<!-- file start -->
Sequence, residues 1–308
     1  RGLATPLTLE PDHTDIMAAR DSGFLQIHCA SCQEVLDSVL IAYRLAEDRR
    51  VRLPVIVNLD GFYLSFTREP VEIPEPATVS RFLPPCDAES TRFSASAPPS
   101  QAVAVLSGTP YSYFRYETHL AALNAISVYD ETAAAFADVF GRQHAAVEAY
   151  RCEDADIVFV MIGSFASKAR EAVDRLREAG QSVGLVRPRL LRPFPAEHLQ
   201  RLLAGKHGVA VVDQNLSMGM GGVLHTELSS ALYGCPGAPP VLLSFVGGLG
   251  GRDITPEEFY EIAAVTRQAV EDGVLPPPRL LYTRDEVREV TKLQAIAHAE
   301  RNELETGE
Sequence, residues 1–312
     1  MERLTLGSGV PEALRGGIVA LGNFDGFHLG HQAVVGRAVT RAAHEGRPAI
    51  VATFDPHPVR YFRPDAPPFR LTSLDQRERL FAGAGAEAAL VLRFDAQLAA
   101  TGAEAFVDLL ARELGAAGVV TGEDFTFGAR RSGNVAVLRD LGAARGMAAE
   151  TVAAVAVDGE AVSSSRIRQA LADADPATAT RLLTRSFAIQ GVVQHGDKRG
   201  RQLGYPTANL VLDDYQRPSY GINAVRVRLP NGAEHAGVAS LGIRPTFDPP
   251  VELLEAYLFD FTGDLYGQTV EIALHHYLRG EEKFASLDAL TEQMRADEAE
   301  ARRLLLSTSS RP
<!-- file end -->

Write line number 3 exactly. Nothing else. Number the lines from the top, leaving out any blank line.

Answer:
    51  VRLPVIVNLD GFYLSFTREP VEIPEPATVS RFLPPCDAES TRFSASAPPS